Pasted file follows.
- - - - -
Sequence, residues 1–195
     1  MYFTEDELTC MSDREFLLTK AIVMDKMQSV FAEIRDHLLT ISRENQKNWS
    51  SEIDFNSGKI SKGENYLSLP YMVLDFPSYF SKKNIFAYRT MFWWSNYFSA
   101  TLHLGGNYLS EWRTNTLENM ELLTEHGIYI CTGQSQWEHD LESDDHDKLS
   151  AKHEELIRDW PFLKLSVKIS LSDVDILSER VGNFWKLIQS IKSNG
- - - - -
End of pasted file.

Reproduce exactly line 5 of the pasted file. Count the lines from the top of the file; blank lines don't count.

   151  AKHEELIRDW PFLKLSVKIS LSDVDILSER VGNFWKLIQS IKSNG